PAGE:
I’ve spent the past day and a half at ASAE’s Future Leaders conference. On one hand, it’s been great–I’ve learned some leadership stuff (I’m an “i”–who knew?), met some cool people, and gotten to hang out with my friend Lauren Wolfe. On the other, it’s made me wonder how, when almost 10% of kids today are being diagnosed with ADHD–and, presumably either being medicated or getting special learning plans in school–every post-graduate learning experience I’ve ever had seems to assume that all adults learn the same way and can sit for 8 hours at a clip, minus a few breaks. My brain doesn’t work that way and I know I’m not the only one who feels this way.
But I digress. One of the most interesting things I’ve learned at this conference was from John Graham, CEO of ASAE. He spoke at lunch today about his career and also about ASAE and what they consider to be the four “pillars” of the association. He didn’t use those exact words, but that was the gist–the four most important areas of focus for ASAE. He said those areas are knowledge, learning, advocacy and community. With the community part being online community and social media. He actually said social media.
Really? I was honestly shocked to hear him say that because nothing I’ve seen at ASAE seems to reflect that online community and social media are important. Their listserv technology is terrible. Their online community is terrible and something they’ve barely–if ever–mentioned or promoted to members. You’d think if online community and social media were core areas the association were interested in promoting/supporting, they’d staff that area accordingly. I mean, knowledge, learning and advocacy–they’re certainly staffed up for those things. But social media and online community? ONE lower level management position? That is benchmarked lower than average, salary-wise?
I was actually impressed by John Graham’s address today. He was likable, humble, and came across as intelligent and committed to the association industry. I wanted to ask him about the discrepancy between declaring online community to be important to ASAE yet there being no discernible signs of that to members like me, but didn’t want to come across as confrontational. But think about it–if online community is to be one of the core components of future associations, doesn’t it also mean that one of the core competencies for association excecs should be the ability to interact online? Knowledge of stuff like social media monitoring, blogging or commenting on blogs, tweeting from a conference, etc? And that ASAE, as they are, ostensibly, the association all associations look to to see how an association is supposed to be run, should be leading the charge and staffing in a way that shows their alleged commitment to online community?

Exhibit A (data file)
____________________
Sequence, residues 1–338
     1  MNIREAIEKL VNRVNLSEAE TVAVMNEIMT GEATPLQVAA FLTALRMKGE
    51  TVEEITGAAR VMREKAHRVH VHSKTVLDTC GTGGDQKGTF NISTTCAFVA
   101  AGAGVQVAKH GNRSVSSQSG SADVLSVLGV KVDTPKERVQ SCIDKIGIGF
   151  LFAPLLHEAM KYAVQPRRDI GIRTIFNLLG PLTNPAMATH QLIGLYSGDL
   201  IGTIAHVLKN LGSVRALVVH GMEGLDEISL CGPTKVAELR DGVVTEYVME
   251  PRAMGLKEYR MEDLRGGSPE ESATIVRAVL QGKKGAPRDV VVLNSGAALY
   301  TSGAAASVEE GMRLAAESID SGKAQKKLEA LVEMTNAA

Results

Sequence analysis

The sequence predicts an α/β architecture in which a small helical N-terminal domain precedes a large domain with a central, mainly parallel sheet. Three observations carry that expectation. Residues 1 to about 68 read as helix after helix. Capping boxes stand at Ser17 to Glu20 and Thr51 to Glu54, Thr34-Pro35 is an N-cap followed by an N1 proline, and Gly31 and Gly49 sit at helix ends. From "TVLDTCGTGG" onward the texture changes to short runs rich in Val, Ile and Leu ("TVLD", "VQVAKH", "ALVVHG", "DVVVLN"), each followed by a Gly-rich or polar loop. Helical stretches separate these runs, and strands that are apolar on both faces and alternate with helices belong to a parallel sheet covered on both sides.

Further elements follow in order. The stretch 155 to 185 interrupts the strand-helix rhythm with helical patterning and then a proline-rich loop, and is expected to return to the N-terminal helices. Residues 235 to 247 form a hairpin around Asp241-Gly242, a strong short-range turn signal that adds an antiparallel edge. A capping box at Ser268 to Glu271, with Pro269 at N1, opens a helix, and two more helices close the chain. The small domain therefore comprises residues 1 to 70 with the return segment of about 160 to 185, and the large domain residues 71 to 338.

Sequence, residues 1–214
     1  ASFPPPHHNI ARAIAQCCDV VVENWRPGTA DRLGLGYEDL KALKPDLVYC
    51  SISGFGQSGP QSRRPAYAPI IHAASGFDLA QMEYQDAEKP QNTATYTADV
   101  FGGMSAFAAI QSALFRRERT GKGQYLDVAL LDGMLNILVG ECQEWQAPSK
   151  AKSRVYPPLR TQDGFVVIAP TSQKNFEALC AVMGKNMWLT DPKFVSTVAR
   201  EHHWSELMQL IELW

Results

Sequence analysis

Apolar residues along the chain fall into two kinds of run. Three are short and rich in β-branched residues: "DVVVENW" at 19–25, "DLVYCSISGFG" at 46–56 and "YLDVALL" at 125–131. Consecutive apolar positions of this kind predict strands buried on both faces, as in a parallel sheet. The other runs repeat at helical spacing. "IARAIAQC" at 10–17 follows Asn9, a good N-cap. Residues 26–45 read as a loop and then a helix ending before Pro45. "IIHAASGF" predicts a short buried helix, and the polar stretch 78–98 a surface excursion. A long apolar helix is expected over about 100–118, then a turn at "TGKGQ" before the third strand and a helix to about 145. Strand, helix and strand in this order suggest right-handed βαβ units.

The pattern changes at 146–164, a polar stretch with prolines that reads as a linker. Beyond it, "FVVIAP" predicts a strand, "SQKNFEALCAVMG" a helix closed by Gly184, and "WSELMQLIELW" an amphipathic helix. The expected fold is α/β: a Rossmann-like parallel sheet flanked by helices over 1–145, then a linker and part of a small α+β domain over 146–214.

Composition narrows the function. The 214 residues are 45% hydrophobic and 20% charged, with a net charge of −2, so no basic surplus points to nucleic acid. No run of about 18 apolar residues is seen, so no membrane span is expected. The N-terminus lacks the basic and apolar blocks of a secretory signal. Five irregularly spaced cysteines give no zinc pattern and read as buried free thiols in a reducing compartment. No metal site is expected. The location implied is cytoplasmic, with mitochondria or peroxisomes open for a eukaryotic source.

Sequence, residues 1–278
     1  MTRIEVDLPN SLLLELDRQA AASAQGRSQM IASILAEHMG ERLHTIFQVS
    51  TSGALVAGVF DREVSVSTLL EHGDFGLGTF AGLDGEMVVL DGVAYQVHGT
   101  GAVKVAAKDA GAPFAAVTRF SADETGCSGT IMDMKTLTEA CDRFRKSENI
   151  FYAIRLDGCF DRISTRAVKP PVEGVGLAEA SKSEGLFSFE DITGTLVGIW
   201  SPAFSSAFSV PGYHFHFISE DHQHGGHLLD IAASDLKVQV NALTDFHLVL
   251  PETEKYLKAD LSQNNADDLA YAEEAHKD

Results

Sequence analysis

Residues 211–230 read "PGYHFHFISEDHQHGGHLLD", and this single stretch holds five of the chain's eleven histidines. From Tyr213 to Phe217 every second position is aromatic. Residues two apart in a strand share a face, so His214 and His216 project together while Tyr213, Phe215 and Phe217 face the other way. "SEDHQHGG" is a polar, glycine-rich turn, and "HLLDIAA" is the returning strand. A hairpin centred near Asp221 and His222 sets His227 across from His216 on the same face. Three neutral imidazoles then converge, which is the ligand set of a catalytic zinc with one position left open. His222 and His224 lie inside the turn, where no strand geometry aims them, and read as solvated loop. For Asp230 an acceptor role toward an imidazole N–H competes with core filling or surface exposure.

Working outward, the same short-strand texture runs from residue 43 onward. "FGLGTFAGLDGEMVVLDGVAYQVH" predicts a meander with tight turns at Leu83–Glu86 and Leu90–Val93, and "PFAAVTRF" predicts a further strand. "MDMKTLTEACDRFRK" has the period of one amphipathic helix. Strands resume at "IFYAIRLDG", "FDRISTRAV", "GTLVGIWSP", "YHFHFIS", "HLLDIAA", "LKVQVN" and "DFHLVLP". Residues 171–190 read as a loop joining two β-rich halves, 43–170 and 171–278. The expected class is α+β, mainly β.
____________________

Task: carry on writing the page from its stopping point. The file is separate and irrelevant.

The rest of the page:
I just don’t get it. Knowledge, learning, advocacy–ASAE doesn’t pay lip service to those areas–why are they doing it for online community? And when are they going to put their money where their mouth is and devote the resources to fleshing out that aspect of the member experience? This conference was great in some respects, but for those of us who learn and interact online, there was ZERO in that regard–not a hashtag, not an online list of attendees and their affiliations so we might be able to keep in touch after the event–even the DISC assessment was sent as an email attachment. Nothing. So if associations are changing and “future leaders” need to be agile online, you’d think this conference would at least have some elements of that dynamic…but alas, no.
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